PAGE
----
A Sense of Purpose Helps the Medicine Go Down

We have more lessons to learn. It is a good day.

Today: Love, and


In July of last year, I was in Venice. Let me tell you about Venice. It is the most beautiful place you will ever go. Like, I was breathless walking down those streets, there was nothing like it, something inside of me knew it and felt right at home. But I was mad at myself, to tell you the truth. Because Venice had been calling me for an ass-long time, and I had been daydreaming about it for many years, and then I stupidly listened to what a couple other people said about it not being very special to them when they had visited Italy, and I planned it for my last day, and therefore did not have as much time there as I wanted to. And I was kicking myself, as usual, for listening to other people, and not to the stirrings of my heart, which had been saying Venice, Venice, Venice for years. I prayed hard about it while I was there, and all was well, and I have no regrets now, but damn, spending more time in Venice is always welcome because I never saw that kind of beauty. And I’ve seen a lot of beauty!

My first night, I sat at a cafe near the canal and ate some bread and then the waiter led two men next to me at a neighboring table. They were talking about religion, or something, and the talk was very interesting, and I was in such close proximity to them that I had to start a conversation because this is what I do and this is the meaning of life, you see, to connect with people you barely know and to begin to know. The two men were pilots. They’d traveled all around the world, and they were on a break that night, and then they’d have to get in the plane and fly again in the morning, but for now, they were eating some pasta.

We talked about love, about God, about upbringing. The older man was Jewish and had been divorced several times. Once, he said, he worked in India, and people were terribly poor, and he didn’t know what to do about it. He wanted to help, but he didn’t know where to begin, so he helped one particular family and did the most that he could do. He was now married to a younger woman. He was kind of happy. Kind of.

The younger man was married, too, and he had grown up Christian in, Texas, was it? Anyway, he had dogs, and a wife at home, and he missed her, and despite his adventures traveling around the globe, he just loved being home, and wished he could be there more.

So I asked why he couldn’t be. And you know, it was about work, it was about making money, it was about not being sure what was next and what to do and perhaps not having any models or guides who did anything differently than what he was already doing, and so how do you know how to proceed in life, when you go off course, when you start digging up a new path no one has been on?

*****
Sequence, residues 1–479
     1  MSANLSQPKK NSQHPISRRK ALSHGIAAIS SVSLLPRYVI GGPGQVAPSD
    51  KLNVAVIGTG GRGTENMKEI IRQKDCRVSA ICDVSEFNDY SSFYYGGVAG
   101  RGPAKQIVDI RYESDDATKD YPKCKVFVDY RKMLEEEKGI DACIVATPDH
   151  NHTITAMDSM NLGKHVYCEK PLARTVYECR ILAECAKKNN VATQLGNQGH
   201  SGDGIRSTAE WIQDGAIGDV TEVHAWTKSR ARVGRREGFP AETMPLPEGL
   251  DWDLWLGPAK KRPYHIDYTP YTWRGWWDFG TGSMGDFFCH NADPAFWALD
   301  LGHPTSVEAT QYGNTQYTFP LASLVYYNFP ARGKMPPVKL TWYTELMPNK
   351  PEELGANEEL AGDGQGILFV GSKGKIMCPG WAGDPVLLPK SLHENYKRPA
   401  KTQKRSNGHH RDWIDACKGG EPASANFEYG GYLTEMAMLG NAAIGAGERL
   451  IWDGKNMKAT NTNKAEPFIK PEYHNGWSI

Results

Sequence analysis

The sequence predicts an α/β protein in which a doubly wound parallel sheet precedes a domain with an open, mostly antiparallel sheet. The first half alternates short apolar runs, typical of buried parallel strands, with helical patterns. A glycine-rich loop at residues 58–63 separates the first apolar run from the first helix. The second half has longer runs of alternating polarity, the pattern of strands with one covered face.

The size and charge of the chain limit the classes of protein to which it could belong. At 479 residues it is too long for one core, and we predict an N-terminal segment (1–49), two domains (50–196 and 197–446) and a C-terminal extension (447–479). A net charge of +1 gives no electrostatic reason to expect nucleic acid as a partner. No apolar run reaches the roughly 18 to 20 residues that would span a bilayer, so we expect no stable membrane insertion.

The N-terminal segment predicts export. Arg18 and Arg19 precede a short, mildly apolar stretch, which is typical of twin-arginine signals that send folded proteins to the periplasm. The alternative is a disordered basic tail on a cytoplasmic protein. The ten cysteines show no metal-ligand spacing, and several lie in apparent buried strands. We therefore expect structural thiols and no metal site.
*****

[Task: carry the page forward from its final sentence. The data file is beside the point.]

Meanwhile, I was steeped in the marvelous effect of leaving a job that was killing me a few months before, and at the time I felt like I had stepped off a cliff, but now, here I was, in fucking Venice, and I was wildly alive, and so I had a whole new perspective about things. I was actually happy. And I only saw happiness ahead of me, instead of destruction and despair, which is what I’d previously been saturated with. And so I asked the men about happiness, about what they saw as happiness, about whether they thought it was possible, about whether happiness is something you could experience every day.

There was a lot of squinting, in reaction, a lot of shaking their heads. The goal of life, they said, was not to be happy. The older man said that sometimes he was happy. Sometimes he had that feeling come over him. But not often. And the younger one was worried about getting divorced, because he kept seeing people all around him get divorced, and he needed a strong role model (though he didn’t say this out loud, I just surmised), and he was really kind and generous and special, and he started to say something that he only acknowledged was problematic when it came out of his mouth. “The goal of life isn’t to be happy, it’s to make a lot of money and then sit on a beach one day….”